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J Vasc Interv Radiol. 2011 Jun;22(6):884-92. doi: 10.1016/j.jvir.2011.02.007. Epub 2011 Apr 22.

Accuracy of percutaneous transhepatic cholangiography in predicting the location and nature of major bile duct injuries.

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  • 1Department of Radiology, University of California, San Francisco, 505 Parnassus Avenue, Room M-361, San Francisco, CA 94143. USA. Nicholas.Fidelman@radiology.ucsf.edu

Abstract

PURPOSE:

To determine the ability of percutaneous transhepatic cholangiography (PTC) to predict accurately the anatomic location and nature of major bile duct injuries, to examine the contribution of endoscopic retrograde cholangiopancreatography (ERCP) and PTC to the diagnosis of injuries to the low-inserting right posterior segmental ducts, and to compare the ability of radiologists and gastroenterologists to detect injuries to the low-inserting right posterior segmental duct.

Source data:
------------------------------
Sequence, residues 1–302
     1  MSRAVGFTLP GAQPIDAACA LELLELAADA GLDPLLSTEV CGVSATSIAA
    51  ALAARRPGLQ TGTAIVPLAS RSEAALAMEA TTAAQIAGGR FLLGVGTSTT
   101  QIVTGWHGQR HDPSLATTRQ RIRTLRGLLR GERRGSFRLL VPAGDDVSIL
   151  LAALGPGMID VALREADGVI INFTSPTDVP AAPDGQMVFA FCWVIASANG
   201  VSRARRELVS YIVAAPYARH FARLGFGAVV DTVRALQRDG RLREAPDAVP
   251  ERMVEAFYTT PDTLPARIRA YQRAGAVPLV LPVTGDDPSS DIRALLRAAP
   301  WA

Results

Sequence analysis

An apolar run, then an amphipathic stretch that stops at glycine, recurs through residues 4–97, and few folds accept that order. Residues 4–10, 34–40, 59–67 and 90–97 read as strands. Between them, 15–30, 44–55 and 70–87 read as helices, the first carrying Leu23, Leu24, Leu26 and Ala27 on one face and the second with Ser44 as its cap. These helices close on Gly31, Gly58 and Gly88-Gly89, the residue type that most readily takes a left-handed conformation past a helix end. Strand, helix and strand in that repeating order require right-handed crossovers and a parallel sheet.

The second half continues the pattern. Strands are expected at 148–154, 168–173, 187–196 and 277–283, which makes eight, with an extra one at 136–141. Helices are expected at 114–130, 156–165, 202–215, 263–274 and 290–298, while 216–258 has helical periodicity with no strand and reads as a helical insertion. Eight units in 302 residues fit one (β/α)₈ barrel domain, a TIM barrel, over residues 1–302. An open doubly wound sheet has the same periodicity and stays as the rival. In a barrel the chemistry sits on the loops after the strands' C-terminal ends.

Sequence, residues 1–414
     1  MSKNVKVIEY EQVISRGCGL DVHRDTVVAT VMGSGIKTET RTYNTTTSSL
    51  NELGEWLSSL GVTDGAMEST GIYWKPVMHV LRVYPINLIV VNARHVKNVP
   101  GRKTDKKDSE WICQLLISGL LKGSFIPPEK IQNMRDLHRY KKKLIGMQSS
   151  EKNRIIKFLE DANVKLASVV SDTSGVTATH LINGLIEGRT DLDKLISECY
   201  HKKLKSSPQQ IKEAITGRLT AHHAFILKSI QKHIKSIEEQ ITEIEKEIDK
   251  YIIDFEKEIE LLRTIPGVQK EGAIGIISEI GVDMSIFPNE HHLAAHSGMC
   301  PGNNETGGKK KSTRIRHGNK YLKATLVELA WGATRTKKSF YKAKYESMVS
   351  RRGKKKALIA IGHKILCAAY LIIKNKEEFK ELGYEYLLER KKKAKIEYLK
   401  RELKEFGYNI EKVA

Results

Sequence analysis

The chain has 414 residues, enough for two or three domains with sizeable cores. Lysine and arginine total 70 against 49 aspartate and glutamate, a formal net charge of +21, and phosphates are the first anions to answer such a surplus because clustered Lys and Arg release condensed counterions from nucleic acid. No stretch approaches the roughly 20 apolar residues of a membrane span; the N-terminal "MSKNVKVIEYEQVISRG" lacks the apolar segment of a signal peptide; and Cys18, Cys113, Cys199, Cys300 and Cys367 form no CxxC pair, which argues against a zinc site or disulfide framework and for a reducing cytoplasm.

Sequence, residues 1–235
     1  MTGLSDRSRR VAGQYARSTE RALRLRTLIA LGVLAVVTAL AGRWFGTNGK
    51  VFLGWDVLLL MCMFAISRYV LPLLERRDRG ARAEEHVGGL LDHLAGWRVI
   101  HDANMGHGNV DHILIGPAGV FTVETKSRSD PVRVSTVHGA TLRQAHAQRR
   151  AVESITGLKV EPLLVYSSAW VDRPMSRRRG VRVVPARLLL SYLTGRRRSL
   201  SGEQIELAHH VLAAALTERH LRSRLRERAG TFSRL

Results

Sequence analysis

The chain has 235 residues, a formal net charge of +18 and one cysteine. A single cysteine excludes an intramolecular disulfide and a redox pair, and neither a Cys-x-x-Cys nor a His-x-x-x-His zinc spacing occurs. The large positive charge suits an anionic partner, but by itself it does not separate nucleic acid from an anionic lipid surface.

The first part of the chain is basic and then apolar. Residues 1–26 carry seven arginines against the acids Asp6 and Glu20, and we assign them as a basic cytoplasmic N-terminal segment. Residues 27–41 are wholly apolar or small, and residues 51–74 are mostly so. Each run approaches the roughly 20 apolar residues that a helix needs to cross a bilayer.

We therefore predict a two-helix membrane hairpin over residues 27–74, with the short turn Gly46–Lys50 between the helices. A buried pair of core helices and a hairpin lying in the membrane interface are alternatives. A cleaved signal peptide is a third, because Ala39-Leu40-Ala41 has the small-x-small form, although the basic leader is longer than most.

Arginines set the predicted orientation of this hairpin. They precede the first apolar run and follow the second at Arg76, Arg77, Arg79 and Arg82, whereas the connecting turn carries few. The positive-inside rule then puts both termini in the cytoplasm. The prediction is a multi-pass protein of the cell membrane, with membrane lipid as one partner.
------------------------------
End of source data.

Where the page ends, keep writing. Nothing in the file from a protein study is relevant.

MATERIALS AND METHODS:

PTC images and operative reports of 78 consecutive patients who underwent surgical repair of major bile duct injuries at the authors' institution were retrospectively reviewed. The location of injury was assessed according to the Bismuth classification. Images were also evaluated for the presence of a biliary stricture, biliary leak, or both. Imaging observations were compared with findings obtained during surgical biliary reconstruction.

RESULTS:

PTC correctly predicted the anatomic location of injuries in 85% of patients. Incorrect Bismuth type was assigned in 12 patients. Seven of the errors (58%) originated from the inability to distinguish injuries at the confluence of the lobar ducts from injuries involving the cephalad 2 cm of the common hepatic duct. Injuries to the right posterior segmental duct were detected more often on ERCP images by gastroenterologists than by diagnostic radiologists. In four patients (5%), biliary strictures were masked on PTC by the presence of a concomitant leak.

CONCLUSIONS:

PTC accurately depicts the location and nature of major bile duct injuries in most patients.

Copyright © 2011 SIR. Published by Elsevier Inc. All rights reserved.

PMID:
21514840
[PubMed - indexed for MEDLINE]
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